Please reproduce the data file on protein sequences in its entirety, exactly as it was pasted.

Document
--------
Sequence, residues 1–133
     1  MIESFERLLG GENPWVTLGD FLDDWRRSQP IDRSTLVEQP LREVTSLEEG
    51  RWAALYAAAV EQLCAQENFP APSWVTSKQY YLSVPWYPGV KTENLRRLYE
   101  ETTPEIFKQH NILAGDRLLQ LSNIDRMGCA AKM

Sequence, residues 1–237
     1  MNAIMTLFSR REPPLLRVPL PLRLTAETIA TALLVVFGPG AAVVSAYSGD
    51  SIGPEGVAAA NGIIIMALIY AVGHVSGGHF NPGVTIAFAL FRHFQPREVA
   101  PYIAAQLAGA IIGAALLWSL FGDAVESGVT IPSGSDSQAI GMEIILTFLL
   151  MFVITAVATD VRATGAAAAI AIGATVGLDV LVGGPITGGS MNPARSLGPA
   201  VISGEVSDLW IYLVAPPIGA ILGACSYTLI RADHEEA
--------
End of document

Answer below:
Sequence, residues 1–133
     1  MIESFERLLG GENPWVTLGD FLDDWRRSQP IDRSTLVEQP LREVTSLEEG
    51  RWAALYAAAV EQLCAQENFP APSWVTSKQY YLSVPWYPGV KTENLRRLYE
   101  ETTPEIFKQH NILAGDRLLQ LSNIDRMGCA AKM

Sequence, residues 1–237
     1  MNAIMTLFSR REPPLLRVPL PLRLTAETIA TALLVVFGPG AAVVSAYSGD
    51  SIGPEGVAAA NGIIIMALIY AVGHVSGGHF NPGVTIAFAL FRHFQPREVA
   101  PYIAAQLAGA IIGAALLWSL FGDAVESGVT IPSGSDSQAI GMEIILTFLL
   151  MFVITAVATD VRATGAAAAI AIGATVGLDV LVGGPITGGS MNPARSLGPA
   201  VISGEVSDLW IYLVAPPIGA ILGACSYTLI RADHEEA